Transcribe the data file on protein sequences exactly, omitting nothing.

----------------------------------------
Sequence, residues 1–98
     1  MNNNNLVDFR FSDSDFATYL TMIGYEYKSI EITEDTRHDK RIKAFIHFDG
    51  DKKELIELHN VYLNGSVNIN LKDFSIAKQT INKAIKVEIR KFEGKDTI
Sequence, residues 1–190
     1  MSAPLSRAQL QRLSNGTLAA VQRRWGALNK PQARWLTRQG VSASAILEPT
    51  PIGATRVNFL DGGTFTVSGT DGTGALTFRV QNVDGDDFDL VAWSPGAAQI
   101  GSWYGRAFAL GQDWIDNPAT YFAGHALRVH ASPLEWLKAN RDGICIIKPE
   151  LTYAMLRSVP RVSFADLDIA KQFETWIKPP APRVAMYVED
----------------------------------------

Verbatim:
Sequence, residues 1–98
     1  MNNNNLVDFR FSDSDFATYL TMIGYEYKSI EITEDTRHDK RIKAFIHFDG
    51  DKKELIELHN VYLNGSVNIN LKDFSIAKQT INKAIKVEIR KFEGKDTI
Sequence, residues 1–190
     1  MSAPLSRAQL QRLSNGTLAA VQRRWGALNK PQARWLTRQG VSASAILEPT
    51  PIGATRVNFL DGGTFTVSGT DGTGALTFRV QNVDGDDFDL VAWSPGAAQI
   101  GSWYGRAFAL GQDWIDNPAT YFAGHALRVH ASPLEWLKAN RDGICIIKPE
   151  LTYAMLRSVP RVSFADLDIA KQFETWIKPP APRVAMYVED